During his time in detention, Kevin requested permission to brush his teeth, and was accordingly escorted to the ‘shower room’ by an officer. Whilst he was brushing his teeth, Sergeant Brown, entered the shower room and ordered Kevin to “fucking” get back to his cell. Kevin quite reasonably protested about this, on the basis that the other officer had given him permission to be there, but Sergeant Brown ignored him, grabbed Kevin’s arm and started to march him back down the corridor to his cell. A second Officer took hold of Kevin’s other arm during this process, and so he was completely under the control of two Officers. Kevin again protested, saying that there was no need to manhandle him, and that he would walk back to the cell on his own, but was again ignored.
When they reached the door of the cell, Kevin turned to Sergeant Brown and asked him “What’s your fucking problem ? I had permission to brush my teeth. I didn’t refuse to go back into my cell.”
In response to this, Sergeant Brown said nothing, but stepped back and then with his clenched fist, punched Kevin in the face. As blood poured from Kevin’s nose, he was pushed into the cell and the door was slammed shut. His nose quickly became swollen and he was in immediate pain, shock and distress. Nevertheless, despite being well aware of the injury he had just inflicted upon this detained person, Custody Sergeant Brown waited over half an hour before calling for medical assistance for Kevin.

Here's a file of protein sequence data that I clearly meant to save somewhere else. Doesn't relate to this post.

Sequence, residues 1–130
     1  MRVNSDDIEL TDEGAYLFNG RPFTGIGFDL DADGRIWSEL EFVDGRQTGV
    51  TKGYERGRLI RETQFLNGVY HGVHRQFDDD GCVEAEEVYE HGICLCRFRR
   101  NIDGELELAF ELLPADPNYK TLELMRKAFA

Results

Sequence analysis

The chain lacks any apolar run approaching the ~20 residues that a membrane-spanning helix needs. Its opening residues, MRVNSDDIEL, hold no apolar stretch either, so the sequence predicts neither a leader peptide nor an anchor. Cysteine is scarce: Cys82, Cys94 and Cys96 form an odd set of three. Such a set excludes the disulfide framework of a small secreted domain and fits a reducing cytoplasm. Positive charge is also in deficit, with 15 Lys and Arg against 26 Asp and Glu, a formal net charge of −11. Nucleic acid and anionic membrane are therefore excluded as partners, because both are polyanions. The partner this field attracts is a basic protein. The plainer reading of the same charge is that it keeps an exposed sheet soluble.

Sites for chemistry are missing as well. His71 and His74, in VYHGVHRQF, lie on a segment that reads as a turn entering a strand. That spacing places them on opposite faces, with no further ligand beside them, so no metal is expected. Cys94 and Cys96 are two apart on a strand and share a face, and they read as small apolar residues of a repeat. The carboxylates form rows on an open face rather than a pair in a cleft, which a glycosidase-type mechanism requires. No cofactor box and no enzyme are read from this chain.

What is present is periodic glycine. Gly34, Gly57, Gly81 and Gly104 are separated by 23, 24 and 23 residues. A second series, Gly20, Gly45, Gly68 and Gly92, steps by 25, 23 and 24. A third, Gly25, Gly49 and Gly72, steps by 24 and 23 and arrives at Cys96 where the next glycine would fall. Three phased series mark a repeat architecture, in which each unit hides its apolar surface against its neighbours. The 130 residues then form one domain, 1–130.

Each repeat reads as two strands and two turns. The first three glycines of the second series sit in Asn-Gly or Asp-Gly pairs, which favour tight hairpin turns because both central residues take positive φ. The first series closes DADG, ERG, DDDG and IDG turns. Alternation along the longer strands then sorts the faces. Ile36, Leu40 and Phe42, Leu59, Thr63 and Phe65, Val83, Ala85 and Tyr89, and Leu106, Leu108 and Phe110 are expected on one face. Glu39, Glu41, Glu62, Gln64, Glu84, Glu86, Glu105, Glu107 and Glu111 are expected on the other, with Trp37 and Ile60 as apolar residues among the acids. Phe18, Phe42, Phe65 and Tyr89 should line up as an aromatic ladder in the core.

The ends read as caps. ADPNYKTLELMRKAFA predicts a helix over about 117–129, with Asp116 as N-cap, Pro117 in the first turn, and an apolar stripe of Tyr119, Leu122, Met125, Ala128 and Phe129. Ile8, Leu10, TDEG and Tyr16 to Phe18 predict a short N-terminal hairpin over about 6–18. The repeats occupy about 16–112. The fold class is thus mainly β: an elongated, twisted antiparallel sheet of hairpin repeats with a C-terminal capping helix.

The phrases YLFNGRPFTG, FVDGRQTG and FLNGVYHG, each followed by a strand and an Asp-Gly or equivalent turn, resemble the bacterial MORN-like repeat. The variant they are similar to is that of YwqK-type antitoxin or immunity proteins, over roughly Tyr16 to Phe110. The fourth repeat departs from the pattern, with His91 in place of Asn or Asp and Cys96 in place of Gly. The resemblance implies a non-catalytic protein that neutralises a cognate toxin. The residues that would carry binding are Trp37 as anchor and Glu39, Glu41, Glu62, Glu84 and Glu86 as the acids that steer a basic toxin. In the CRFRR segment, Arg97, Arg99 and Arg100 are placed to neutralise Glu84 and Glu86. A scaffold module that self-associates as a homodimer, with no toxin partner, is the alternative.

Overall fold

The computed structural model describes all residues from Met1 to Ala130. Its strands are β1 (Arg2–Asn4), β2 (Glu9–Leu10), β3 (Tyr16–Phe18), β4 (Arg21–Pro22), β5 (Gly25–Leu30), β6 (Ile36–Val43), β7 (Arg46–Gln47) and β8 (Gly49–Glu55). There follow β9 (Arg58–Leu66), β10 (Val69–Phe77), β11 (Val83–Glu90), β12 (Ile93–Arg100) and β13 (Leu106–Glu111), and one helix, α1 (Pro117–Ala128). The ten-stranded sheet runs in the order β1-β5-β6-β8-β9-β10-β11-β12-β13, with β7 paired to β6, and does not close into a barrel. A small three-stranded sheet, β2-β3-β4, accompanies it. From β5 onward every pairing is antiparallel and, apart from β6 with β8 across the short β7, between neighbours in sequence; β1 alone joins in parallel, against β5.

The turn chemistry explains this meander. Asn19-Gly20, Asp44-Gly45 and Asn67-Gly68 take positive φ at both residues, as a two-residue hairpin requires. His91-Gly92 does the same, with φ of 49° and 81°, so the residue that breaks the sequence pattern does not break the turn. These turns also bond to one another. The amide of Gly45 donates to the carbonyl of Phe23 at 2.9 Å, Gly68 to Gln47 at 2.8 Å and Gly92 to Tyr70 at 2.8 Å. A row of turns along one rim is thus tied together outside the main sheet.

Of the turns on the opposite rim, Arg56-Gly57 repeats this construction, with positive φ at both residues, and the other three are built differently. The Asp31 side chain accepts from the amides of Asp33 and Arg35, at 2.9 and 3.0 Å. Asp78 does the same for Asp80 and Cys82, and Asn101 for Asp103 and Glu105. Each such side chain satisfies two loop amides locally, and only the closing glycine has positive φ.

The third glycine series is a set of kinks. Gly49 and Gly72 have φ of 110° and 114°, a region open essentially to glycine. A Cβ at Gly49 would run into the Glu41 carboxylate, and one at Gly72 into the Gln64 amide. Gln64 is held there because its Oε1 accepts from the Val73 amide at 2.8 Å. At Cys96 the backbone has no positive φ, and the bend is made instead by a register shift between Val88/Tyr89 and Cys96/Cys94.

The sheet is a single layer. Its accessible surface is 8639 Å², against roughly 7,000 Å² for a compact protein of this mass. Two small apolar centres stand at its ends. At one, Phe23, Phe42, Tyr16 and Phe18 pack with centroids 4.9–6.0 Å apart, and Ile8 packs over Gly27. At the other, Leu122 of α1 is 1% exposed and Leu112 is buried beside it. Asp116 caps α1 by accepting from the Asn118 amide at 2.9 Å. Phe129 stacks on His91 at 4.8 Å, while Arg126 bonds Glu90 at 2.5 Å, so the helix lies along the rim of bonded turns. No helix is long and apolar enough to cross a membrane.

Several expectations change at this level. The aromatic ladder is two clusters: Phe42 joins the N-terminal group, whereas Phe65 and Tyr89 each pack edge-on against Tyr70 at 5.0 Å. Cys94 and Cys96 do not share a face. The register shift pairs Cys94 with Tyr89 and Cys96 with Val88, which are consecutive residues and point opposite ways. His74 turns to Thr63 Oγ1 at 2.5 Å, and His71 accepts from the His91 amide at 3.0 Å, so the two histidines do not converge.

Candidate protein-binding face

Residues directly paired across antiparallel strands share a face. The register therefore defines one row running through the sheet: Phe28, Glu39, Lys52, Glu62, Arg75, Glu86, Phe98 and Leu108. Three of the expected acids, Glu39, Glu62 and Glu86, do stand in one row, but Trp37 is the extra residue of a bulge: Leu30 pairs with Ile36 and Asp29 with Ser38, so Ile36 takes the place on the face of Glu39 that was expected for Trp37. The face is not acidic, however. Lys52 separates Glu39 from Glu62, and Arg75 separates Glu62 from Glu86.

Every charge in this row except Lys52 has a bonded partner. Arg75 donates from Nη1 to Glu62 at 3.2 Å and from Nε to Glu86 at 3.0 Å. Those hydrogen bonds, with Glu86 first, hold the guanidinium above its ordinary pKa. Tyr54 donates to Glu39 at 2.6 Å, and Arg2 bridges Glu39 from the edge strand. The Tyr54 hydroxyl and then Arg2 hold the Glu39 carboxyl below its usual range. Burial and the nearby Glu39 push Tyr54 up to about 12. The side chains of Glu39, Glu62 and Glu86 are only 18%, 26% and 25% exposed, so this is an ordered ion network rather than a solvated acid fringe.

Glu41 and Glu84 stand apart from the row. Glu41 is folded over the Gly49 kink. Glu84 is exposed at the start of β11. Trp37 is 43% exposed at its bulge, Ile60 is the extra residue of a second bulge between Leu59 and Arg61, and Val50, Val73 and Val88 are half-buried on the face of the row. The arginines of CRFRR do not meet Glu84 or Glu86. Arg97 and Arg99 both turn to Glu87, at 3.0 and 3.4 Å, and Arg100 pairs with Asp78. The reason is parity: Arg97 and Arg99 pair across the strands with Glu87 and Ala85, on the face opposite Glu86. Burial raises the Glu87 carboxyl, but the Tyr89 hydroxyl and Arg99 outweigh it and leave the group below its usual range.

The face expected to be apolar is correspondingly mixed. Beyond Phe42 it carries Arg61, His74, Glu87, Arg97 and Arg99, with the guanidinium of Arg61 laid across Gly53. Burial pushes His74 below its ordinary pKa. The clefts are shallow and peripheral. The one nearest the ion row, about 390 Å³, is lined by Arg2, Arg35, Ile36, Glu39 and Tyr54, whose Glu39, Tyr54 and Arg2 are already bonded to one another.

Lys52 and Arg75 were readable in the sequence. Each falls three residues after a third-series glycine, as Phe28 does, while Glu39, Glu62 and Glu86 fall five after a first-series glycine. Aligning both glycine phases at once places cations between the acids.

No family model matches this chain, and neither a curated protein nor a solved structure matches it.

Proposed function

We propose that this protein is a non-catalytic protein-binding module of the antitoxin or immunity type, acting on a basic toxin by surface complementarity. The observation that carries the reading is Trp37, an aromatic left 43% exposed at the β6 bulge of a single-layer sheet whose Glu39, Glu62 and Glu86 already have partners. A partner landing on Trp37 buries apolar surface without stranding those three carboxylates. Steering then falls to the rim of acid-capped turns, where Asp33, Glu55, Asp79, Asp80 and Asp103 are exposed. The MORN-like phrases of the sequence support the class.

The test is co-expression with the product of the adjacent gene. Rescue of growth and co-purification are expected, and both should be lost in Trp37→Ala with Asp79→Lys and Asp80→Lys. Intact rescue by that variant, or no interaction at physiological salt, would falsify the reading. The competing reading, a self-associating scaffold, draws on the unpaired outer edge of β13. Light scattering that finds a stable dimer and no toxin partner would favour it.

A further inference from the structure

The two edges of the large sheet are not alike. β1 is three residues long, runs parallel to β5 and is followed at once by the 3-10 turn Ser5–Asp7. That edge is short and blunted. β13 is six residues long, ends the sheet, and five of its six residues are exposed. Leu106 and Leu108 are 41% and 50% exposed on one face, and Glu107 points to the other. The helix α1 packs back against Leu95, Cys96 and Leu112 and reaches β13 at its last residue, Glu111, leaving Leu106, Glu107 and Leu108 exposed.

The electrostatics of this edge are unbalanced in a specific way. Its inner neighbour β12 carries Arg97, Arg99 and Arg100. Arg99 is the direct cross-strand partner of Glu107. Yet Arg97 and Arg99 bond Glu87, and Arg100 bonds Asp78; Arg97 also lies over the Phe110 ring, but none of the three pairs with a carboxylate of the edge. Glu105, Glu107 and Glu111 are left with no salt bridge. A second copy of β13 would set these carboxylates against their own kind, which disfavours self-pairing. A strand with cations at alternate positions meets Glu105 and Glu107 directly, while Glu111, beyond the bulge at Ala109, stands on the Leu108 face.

Shortly before calling for the Healthcare Professional to attend upon Kevin, Sergeant Brown made the entry in the Custody Record, which constituted, in my opinion, a clear attempt to cover up the unlawful force he had used upon my client (the abbreviation ‘DP’ stands for ‘detained person’; names have been changed) –
At approx 21:58h I walked down the male cell block to ensure that DP was in his cell as he had left FME’s room and became aggressive and thrown a cup of water over the custody floor, I saw DDO Harris near shower cubicle and I told him that DP needs to go into cell as custody was very busy and I needed him. As I levelled with shower room I saw DP just standing there, I told him that he needed to go back to his cell as I needed DDO Harris, he just stood there staring at me, I entered the cubicle and took hold of DP’s arm to escort him as he became very vocal, swearing and threatening, he is a large built male, taller than myself. PS Cartwright was behind me, DP leant down towards me pushing his forehead against mine, I feared he was about to assault me, I tried pushing him away with my left hand but he was tensing his body up, fearing for my personal safety I punched DP once in his face, this caused him to step backwards and away from me, PS Cartwright then pushed him into his cell, DP moved forward to get at us, PS Cartwright slammed the cell door shut.